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Virginia Officials Hope Bi-County Parkway Deal Will Be Signed By End Of Year

Top Virginia transportation officials say the next several weeks will be critical to the future of a major highway project in Northern Virginia, and they expect to have a final deal by the end of the year with the National Park Service and historic preservation groups to build the Bi-County Parkway over the western fringe of Manassas National Battlefield Park.

The Virginia Department of Transportation also plans to submit a final Environmental Impact Statement (EIS) to the federal government with the expectation of approval early next year. An agreement with the National Park Service and environmental approval are two of the last remaining obstacles to pushing ahead with a road project that has been studied for more than a decade. In an interview with WAMU 88.5, Virginia Secretary of Transportation Sean Connaughton chided a process that, in his view, has lasted far too long.

“This should be an embarrassment to the federal government and all those involved when you look at the fact that this sucker has been around for over 12 years,” said Connaughton, referring to the planned ten-mile, limited access four-lane highway between I-66 and Rt. 50 in Loudoun and Prince William Counties that would run west of the Manassas battlefield and Dulles Airport.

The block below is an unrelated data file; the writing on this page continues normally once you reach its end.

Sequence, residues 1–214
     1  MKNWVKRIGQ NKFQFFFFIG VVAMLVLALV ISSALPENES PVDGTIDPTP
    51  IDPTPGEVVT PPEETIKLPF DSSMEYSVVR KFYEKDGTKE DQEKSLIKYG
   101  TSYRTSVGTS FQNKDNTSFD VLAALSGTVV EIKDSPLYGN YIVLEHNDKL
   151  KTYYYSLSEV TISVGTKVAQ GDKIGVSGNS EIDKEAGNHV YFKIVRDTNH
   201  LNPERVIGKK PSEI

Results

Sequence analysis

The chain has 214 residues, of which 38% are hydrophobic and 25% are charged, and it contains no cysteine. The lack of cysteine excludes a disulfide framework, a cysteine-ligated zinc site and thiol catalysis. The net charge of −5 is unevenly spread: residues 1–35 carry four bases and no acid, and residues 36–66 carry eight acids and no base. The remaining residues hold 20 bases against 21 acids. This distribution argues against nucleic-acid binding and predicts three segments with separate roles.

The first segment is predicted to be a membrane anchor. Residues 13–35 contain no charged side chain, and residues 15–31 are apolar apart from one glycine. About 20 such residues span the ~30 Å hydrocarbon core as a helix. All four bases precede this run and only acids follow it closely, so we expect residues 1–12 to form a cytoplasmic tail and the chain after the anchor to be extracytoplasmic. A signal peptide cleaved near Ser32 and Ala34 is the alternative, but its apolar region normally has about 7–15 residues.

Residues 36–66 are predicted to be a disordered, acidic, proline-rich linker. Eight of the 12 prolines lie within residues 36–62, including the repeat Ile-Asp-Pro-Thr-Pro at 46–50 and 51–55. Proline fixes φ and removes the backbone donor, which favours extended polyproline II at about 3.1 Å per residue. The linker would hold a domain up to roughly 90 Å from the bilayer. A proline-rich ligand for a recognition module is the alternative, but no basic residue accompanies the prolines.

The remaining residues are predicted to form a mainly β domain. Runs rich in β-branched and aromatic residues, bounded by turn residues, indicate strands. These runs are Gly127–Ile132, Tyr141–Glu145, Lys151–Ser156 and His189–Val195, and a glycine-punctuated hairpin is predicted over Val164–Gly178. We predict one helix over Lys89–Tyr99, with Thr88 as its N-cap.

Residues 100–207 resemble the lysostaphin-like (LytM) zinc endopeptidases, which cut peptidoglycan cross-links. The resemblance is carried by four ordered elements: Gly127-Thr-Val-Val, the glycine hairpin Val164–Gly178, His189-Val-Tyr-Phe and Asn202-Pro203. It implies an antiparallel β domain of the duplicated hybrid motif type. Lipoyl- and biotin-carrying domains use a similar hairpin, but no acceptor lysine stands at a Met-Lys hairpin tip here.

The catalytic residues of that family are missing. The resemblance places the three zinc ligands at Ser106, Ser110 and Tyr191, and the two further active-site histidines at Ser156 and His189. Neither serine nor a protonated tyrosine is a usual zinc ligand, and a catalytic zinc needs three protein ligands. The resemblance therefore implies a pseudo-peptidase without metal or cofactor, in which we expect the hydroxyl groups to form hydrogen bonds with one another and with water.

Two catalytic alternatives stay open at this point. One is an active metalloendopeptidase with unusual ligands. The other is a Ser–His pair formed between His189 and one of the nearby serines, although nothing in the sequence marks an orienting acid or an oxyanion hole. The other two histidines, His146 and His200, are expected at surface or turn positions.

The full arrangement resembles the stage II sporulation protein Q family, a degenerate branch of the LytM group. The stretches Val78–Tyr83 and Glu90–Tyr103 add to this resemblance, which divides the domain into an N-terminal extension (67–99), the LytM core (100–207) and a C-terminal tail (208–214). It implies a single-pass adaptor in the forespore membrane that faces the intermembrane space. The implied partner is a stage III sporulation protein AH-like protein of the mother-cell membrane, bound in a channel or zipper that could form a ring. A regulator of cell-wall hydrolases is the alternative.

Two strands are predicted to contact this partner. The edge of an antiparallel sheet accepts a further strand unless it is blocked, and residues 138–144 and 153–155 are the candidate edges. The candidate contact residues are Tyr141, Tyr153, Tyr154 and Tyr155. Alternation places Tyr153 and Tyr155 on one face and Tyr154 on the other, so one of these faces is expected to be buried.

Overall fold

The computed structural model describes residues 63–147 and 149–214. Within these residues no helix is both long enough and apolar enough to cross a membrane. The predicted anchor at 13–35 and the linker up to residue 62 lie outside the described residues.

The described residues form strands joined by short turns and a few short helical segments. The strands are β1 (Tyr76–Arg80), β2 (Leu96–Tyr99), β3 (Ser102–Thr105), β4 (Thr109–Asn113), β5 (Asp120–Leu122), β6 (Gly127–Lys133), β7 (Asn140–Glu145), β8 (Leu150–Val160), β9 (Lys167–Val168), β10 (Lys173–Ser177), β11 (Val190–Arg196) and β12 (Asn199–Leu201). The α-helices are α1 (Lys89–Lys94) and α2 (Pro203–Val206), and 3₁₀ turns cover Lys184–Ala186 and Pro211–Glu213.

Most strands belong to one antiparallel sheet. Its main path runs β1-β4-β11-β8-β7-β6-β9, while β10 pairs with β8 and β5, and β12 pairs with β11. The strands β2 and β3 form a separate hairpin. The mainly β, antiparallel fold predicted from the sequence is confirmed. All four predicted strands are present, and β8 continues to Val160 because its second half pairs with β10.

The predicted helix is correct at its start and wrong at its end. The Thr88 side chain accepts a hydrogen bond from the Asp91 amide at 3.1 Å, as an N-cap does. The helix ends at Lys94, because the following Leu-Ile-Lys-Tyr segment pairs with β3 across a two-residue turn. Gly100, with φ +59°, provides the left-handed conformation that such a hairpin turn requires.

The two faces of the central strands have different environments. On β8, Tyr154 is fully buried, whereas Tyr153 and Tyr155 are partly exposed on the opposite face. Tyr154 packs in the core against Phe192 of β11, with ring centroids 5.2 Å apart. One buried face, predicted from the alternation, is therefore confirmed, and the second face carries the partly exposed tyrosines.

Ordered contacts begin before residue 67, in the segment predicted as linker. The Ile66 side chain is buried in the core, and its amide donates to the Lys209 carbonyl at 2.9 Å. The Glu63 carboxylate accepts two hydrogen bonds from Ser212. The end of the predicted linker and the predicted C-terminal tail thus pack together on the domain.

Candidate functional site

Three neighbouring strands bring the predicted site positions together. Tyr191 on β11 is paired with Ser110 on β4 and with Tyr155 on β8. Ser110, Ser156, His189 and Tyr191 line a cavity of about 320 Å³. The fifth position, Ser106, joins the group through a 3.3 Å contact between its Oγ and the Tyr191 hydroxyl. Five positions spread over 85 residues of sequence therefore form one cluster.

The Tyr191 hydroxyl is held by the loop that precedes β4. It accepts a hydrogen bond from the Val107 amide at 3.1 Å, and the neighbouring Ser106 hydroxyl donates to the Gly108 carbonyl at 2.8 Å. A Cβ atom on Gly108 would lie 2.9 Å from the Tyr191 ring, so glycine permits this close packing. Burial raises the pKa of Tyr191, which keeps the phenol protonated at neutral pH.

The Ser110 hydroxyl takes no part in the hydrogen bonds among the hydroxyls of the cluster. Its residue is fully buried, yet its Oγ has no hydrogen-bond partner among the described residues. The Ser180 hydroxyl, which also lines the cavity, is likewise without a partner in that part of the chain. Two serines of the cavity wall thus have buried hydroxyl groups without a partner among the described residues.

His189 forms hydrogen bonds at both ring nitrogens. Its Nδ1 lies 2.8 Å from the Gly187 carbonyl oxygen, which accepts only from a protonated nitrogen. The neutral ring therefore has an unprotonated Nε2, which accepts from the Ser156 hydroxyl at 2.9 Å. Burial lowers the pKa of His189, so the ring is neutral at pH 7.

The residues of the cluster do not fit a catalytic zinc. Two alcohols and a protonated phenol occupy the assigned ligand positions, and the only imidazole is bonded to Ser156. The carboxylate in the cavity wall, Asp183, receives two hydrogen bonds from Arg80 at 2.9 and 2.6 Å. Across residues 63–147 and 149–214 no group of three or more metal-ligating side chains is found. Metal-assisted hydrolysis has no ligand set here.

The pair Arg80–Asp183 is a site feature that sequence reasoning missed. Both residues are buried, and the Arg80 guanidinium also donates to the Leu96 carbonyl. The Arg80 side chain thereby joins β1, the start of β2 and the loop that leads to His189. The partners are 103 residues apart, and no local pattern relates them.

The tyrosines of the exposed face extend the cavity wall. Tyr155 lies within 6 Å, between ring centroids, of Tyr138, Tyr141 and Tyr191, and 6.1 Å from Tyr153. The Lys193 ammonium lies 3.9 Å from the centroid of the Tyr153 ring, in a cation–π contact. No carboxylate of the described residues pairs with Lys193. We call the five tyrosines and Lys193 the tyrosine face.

A draft environmental impact statement was approved in 2005, but only recently has there been enough support at the county, state, and federal government levels to bring the Bi-County Parkway to the brink of approval — in the face of vehement opposition from some homeowners in the parkway's alignment and environmental and smart growth groups. Opponents label the Bi-County Parkway an “outer beltway” that would cause more suburban sprawl.

“So we are in the 12 years. Who knows, maybe we will make 13 or 14. This may go down in the annals of history as the longest EIS ever done,” Connaughton said. The federal government shutdown delayed the approval process, but meetings among the interested parties are now being rescheduled.

A final environmental impact statement would likely have to be amended to accommodate for development in Loudoun County since the draft was approved eight years ago.

The Federal Highway Administration (FHWA), Advisory Council on Historic Preservation, Virginia Department of Historic Resources, VDOT and National Park Service are the five signatories to an agreement that would allow the state to pave over several acres on the western fringe of the Civil War battlefield. In exchange, the state would agree to close Rt. 234 — a congested north-south route — through Manassas battlefield to all but visitor and local traffic. The “programmatic agreement” is in its third draft.

“We need to get all the environmental analysis done, all the data in, and all the parameters of what the project will generally be in order to make a decision on moving forward to actually conducting and building a project,” Connaughton said. “So this is a necessary step if we want to be able to use federal funds and it is also a necessary step because of the impacts on the battlefield itself.”

Other than several million dollars to complete design studies, Virginia currently has no funding in the pipeline for the construction of the $440 million parkway.

NPR

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WAMU 88.5

The Politics Hour - July 31, 2015

Join us for our weekly review of the politics, policies, and personalities of the District of Columbia, Maryland and Virginia.

NPR

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